Russia is facing the biggest external debt crisis denominated in foreign currencies since its last default in 1998 when the rouble collapsed. The economy of the world’s second-biggest oil exporter has been dealt a heavy blow by the oil price crash, which after the last few years of stability has been plunging this year. The price of crude oil has fluctuated between $50-$65 a barrel in the last few months. Its trillion-dollar economy has failed to diversify over the years, with commodity exports like oil and natural gas still accounting for half of the government revenue, making it vulnerable to even the slightest changes in their prices. Further, the economic sanctions following the Russian intervention in the Ukraine crisis in March last year have hit the economy hard.
The problem does not start and end with Russia in the interwoven world economy. The sheer size of its economy could well rattle the economies of its largest trade partners, notwithstanding that some of these countries might briefly benefit from the steep drop in global oil prices.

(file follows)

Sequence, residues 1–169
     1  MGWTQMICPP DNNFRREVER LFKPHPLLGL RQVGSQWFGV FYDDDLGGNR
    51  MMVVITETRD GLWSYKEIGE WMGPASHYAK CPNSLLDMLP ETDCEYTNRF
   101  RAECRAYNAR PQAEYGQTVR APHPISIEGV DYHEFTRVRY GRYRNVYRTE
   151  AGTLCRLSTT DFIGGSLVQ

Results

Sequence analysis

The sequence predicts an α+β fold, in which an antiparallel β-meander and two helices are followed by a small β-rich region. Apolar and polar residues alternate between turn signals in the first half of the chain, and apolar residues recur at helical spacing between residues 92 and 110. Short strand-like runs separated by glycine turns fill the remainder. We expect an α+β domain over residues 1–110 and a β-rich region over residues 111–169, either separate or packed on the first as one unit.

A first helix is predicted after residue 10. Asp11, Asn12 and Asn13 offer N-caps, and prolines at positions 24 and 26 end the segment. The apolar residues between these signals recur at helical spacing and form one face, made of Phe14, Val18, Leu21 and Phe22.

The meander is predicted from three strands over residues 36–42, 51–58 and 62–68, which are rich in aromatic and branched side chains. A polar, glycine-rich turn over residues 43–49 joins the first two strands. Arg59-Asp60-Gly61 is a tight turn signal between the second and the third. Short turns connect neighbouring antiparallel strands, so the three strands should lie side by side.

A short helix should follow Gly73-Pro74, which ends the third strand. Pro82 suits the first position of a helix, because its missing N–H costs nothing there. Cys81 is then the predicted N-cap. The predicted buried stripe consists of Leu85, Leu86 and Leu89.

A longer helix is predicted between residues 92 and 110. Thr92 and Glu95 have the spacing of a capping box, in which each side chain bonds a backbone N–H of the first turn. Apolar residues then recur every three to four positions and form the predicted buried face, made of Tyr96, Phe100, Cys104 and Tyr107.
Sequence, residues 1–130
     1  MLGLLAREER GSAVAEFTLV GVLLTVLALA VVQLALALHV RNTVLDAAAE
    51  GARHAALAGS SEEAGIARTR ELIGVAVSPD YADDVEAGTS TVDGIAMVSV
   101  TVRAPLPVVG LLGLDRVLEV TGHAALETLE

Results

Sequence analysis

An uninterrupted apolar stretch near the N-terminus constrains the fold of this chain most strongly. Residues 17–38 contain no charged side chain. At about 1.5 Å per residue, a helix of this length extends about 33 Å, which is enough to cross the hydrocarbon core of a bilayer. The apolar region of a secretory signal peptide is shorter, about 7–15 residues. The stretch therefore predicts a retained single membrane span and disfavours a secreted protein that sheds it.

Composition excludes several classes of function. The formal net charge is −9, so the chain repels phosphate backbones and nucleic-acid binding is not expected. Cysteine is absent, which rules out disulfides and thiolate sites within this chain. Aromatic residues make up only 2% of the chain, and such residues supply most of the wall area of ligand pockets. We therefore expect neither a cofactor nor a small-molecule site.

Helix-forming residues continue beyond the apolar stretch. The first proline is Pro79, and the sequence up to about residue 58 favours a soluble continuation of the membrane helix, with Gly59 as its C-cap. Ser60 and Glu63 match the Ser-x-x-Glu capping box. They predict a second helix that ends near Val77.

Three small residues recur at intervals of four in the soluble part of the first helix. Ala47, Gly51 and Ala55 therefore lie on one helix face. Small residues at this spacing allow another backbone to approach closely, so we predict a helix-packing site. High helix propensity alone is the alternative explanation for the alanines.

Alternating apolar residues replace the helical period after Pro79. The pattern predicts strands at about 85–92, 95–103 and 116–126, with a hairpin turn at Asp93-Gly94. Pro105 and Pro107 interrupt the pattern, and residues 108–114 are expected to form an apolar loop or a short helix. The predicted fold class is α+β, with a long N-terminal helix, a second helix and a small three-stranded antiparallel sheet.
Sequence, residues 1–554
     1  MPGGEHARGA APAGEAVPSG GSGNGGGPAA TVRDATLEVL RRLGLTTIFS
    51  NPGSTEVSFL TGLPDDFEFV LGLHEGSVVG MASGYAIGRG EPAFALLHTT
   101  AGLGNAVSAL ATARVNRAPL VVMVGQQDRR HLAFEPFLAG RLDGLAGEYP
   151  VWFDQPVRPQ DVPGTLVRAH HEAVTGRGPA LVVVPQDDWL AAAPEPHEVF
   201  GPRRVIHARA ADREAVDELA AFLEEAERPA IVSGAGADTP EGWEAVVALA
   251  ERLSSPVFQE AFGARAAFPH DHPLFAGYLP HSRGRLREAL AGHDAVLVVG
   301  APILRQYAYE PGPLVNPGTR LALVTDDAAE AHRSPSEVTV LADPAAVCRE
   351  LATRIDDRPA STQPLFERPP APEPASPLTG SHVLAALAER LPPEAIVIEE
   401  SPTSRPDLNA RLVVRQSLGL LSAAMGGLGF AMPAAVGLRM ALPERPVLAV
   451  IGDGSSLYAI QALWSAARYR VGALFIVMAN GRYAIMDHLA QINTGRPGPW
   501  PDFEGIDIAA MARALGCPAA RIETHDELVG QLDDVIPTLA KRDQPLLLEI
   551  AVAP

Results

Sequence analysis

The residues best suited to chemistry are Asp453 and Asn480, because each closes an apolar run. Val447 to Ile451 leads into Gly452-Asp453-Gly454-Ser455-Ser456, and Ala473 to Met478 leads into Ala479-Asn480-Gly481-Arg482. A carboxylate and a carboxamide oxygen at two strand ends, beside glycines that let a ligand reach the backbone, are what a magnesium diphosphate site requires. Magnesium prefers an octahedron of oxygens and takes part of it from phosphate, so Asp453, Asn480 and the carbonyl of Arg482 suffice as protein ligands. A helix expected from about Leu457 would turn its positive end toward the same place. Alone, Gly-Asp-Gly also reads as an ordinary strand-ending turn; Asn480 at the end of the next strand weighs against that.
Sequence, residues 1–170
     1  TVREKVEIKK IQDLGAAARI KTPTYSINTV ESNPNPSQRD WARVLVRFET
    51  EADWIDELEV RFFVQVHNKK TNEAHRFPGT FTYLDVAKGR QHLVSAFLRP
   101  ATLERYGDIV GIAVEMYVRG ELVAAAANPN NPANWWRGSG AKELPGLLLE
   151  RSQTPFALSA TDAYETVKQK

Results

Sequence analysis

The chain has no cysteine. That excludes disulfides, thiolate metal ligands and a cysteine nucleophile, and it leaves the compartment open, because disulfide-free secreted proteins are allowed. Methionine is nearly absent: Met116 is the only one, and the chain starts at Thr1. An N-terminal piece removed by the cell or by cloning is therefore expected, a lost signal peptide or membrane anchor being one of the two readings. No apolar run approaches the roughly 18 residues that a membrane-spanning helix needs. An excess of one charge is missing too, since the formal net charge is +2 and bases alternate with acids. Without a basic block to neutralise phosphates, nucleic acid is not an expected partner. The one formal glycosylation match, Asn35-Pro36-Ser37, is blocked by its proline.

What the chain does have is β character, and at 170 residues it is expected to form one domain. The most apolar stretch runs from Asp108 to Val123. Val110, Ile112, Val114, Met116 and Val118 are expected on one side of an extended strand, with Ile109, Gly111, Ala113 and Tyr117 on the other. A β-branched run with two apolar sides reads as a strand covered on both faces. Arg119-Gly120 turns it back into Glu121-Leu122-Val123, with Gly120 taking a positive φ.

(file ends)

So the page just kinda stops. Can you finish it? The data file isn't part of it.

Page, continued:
Much has changed in the last 16 years when the Federal Reserve came to its rescue during the last currency crisis. The trillion-dollar club BRICS, a loose conglomerate of the top five emerging economies of the world—Brazil, Russia, India, China and South Africa—stands tall today. But is this outfit strong enough to bail the Russian economy out this time?
Collectively, BRICS economies represent an estimated GDP of $20 trillion. All of them, but for Russia, had sustained their economic growth in the aftermath of the 2008 financial crisis, and in some ways steered the global markets from plunging further. Their combined foreign reserves stand at nearly $4.5 trillion. Bilateral trade among BRICS nations is on the rise, with the total trade between the countries accounting for nearly 17% of the global total.
However, while all these emerging economies are of consequence individually, there is scepticism about the group as a cohesive bloc. The bloc has acted more like a disconnected group of countries whenever it was required of them to show their unity. At the 2009 Copenhagen climate summit—with the exception of Russia—China, India, Brazil and South Africa, on the one hand, and the United States on the other, brokered a deal in a back-room meeting, piquing the EU and other developing countries for not upholding the principles of multilateralism and universal participation. A repetition of uncoordinated decision was seen in 2011 and 2012 when the countries failed to support a joint candidate at the IMF and the World Bank respectively, and Russia chose not to toe the line with the other BRICS countries.
Moreover, there is more internal competition and strategic rivalry than with the world outside BRICS. Though, in recent times, at the geopolitical level, BRICS have been making the right noises and shielding Russia on the Crimean crisis.